Following this, we shift back to Meg and Christine and the initial musical theme, as Meg questions Christine about her performance and then back again to Raoul and Madame Giry where some questions are raised about both the Phantom and Christine’s motivations.

Cue a third theme in which the partners swap, with Raoul trying to find out whether Christine knew that Mister Y was the Phantom all along and Meg having a heated exchange about Christine and Raoul’s sudden appearance with her mother. This leads to a reprise of Christine and Meg’s chorus, with all singing lyrics that are intended to place text and subtext in ironic contrast with one another and the back into the third theme as an appeal is made to Raoul and Christine to leave before a few final choruses bring everything all together again. We get a great big final note with a dissonant descant in the accompaniment signaling to us that this happy reunion is most certainly not as happy as it seems. Fin.

Look, it’s a bit of fun, but that’s it. While you certainly couldn’t remove it without losing the sense of the piece, it’s nowhere near as integral as piece as the “Notes/Prima Donna” sequence was – and it’s this dramatic element of the sequence that is most sorely missed. With a a couple of incredibly under-developed characters (Raoul and Meg) on the stage, this is a completely underutilised opportunity.

The song ends and Gustave is missing and Christine goes off to find him.

Final verdict: I like this sequence, but I don’t love it. I don’t love it because it’s not as dramatically inventive as it should be. It should be filled with character development – nuances, not only broad strokes – and should be a moment that takes allows us to sink into the details situation instead of just speeding us across it. That it could be done in a number that isn’t slow and treacly and in a way that isn’t merely another section of stodgy dialogue makes it even harder to bear the fact that this is a wasted moment, even if it is a diverting one. If this song is the “Prima Donna” section of the matching sequence of this show’s forerunner, we need to have a “Notes” section in which the characters and their relationships can be built up. It might also be desirable to extend this into a sextet instead of a quartet, incoriporating Gustave and the Phantom in some way too. Perhaps it is already in this moment that Gustave can show traits that peak the Phantom’s interest in him. Perhaps not. I’m not sure how the puzzle is meant to come together in this number, but I am certain that there are a few pieces missing. I do hope that Andrew Lloyd Webber, Ben Elton and Glenn Slater make some move towards finding them as they refine the show.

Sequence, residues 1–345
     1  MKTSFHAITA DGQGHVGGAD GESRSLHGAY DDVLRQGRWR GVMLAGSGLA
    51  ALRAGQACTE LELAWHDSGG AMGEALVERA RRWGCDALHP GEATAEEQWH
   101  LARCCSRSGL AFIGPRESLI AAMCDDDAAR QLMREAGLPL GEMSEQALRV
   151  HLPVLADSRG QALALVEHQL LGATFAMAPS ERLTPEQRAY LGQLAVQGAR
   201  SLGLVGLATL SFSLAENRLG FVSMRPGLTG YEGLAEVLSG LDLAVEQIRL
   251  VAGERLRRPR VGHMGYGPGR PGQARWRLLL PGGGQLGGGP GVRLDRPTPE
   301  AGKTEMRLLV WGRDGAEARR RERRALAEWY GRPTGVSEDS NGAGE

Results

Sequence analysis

NEXT UP: The Beauty Underneath…

Purchases from Amazon.com

FROM LEFT TO RIGHT:
1. Love Never Dies Concept Album Cast Recording.
2. Love Never Dies Concept Album Cast Recording – Deluxe Edition.

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This entry was posted in Cast Recording Reviews, Commentary, Concept Albums, Musicals, West End and tagged , , , , , , , , , . Bookmark the permalink.